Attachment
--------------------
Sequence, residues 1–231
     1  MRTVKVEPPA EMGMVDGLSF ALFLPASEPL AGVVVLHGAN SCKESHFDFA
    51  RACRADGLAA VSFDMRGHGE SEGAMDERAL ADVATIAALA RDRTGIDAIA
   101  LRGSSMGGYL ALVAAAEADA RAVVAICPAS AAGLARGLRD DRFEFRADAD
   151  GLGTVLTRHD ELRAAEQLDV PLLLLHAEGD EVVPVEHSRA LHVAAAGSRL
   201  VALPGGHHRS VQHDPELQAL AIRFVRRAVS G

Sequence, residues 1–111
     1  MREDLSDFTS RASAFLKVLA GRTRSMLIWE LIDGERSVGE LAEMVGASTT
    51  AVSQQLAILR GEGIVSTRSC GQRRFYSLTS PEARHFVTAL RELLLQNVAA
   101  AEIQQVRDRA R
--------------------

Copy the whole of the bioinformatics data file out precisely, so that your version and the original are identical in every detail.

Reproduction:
Sequence, residues 1–231
     1  MRTVKVEPPA EMGMVDGLSF ALFLPASEPL AGVVVLHGAN SCKESHFDFA
    51  RACRADGLAA VSFDMRGHGE SEGAMDERAL ADVATIAALA RDRTGIDAIA
   101  LRGSSMGGYL ALVAAAEADA RAVVAICPAS AAGLARGLRD DRFEFRADAD
   151  GLGTVLTRHD ELRAAEQLDV PLLLLHAEGD EVVPVEHSRA LHVAAAGSRL
   201  VALPGGHHRS VQHDPELQAL AIRFVRRAVS G

Sequence, residues 1–111
     1  MREDLSDFTS RASAFLKVLA GRTRSMLIWE LIDGERSVGE LAEMVGASTT
    51  AVSQQLAILR GEGIVSTRSC GQRRFYSLTS PEARHFVTAL RELLLQNVAA
   101  AEIQQVRDRA R